In this guest post, Air Force Veteran Lorrie Lollar-Ray describes how she overcame obstacles to find great meaning in helping other Veterans as a VA employee.
I came to work at the Ralph H. Johnson VA Medical Center under a Schedule A appointment (for people with certain disabilities) while I was in therapy myself for service-connected injuries. I was in mental health care and started with a sailing program to assist me with the isolation I had created in my life.
Now my life includes a job! This job is fulfilling and personally satisfying. I assist Veterans who could very well be me. After the Air Force, I studied law in an effort to assist those at-risk or underprivileged. In my current capacity, I assist people with their barriers to employment. I love what I contribute to Veterans’ lives and I enjoy having meaningful work that allows me to communicate with each person individually to determine and overcome individual problems.
“I love what I contribute to Veterans’ lives.”
I was selected as the EEOC Special Emphasis Program Manager for people with disabilities. In this capacity, I took note of obstacles to services and potential hazards around the facility for persons living with disabilities. I am also responsible for educating others on inclusion.
One Veteran I was able to assist is a service-connected Air Force Veteran who was active in peacekeeping missions. He is now employed. He has a degree and more than 10 years of experience in IT security. His barrier to employment was that he did not have citizenship status and his specialty required it to do the job. Together with the Veteran, we were able to locate the Immigration and Customs Enforcement paperwork needed and the Veteran exception to prevent the significant monetary fees associated with naturalization.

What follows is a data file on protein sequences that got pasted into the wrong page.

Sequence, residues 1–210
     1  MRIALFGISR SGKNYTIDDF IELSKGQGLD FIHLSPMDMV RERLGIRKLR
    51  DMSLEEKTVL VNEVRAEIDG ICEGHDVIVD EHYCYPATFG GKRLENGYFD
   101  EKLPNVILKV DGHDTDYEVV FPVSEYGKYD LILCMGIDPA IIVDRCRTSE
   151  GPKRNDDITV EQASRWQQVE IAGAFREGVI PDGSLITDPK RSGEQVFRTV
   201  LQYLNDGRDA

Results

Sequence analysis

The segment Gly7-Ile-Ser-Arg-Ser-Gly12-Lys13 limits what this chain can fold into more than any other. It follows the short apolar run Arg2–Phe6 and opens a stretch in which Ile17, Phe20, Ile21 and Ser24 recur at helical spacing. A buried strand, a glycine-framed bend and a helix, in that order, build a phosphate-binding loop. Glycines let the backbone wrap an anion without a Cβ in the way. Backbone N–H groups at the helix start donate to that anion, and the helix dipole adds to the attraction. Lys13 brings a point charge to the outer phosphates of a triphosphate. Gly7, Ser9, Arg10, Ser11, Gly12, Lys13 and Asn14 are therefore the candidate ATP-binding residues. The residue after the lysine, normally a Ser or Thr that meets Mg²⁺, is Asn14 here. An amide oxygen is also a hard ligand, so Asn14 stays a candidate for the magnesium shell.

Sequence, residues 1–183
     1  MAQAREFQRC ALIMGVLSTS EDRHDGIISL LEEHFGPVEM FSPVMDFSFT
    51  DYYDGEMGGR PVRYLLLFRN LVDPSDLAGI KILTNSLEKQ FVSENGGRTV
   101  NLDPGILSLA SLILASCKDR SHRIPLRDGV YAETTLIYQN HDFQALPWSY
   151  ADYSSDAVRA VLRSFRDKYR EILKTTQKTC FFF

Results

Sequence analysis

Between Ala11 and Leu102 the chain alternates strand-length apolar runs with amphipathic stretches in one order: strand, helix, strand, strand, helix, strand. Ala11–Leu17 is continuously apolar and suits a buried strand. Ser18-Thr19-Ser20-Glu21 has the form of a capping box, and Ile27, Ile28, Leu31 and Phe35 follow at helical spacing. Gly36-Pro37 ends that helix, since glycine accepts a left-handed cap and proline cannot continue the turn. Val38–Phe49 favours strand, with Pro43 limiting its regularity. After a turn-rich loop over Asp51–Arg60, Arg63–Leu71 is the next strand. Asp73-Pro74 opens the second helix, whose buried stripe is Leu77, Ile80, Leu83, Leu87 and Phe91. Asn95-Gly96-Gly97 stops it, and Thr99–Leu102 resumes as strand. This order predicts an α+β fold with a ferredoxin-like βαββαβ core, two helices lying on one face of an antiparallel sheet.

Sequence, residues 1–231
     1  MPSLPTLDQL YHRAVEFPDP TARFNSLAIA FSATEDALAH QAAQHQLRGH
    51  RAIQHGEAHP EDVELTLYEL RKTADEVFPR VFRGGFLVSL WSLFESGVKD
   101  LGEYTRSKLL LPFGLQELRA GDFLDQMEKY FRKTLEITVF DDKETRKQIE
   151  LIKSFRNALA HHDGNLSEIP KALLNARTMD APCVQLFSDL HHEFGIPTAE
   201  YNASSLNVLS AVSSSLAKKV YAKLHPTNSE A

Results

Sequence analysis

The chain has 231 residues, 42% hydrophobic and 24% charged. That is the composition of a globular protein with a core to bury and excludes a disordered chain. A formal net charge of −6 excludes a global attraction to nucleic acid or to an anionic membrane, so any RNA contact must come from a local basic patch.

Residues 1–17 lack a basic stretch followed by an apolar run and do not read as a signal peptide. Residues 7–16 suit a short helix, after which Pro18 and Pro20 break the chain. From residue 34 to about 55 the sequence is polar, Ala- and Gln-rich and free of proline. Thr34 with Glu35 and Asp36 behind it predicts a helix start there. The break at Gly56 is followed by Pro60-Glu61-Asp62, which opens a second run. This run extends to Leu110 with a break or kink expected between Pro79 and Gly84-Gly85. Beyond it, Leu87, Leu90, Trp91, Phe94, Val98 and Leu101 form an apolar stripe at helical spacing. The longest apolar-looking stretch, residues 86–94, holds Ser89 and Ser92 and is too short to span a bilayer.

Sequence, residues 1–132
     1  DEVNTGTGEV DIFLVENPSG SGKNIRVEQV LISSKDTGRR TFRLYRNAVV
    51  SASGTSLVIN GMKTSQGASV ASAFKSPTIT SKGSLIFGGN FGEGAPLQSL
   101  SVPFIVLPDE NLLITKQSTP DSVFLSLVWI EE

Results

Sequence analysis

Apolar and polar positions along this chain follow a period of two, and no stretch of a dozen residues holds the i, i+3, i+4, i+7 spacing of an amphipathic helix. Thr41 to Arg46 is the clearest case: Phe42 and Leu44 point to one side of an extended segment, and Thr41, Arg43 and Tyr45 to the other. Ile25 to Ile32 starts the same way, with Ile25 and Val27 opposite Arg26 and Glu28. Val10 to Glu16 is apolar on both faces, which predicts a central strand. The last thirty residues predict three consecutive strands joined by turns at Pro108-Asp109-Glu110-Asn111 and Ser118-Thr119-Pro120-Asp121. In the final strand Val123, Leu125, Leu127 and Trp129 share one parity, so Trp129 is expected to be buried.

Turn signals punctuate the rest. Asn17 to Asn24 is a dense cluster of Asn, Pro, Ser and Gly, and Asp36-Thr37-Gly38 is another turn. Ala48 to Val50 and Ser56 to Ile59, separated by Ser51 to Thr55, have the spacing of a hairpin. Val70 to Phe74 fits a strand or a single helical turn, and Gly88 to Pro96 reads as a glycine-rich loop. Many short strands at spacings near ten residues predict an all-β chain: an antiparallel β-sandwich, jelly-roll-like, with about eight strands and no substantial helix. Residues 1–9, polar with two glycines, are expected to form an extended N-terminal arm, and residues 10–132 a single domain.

The Veteran was very wary about starting this process since naturalization is a hot topic. He moved forward though, studying for the citizenship test while he worked as an Uber driver to make ends meet. Finally, the exam was scheduled. The Veteran called me and explained the interview was over and it went well, he was just waiting on the letter.
Appealed denial and won
Two weeks later a denial letter arrived citing a denial based on residency requirements, he needed to have a physical presence in the U.S. for three years. We reviewed his passports and after we added up the days, he had in fact been in the country the appropriate amount of time. We worked together to file an appeal.
Two weeks after the appeal, I attended the naturalization ceremony with the Veteran and his family. The smiles on their faces were priceless and I was filled with joy.
Working in employment has not been without its challenges, but I feel more balanced and valued in life. The mission, Vision, and Values of VA align with me personally because…ICARE.
Photos by: James Arrowood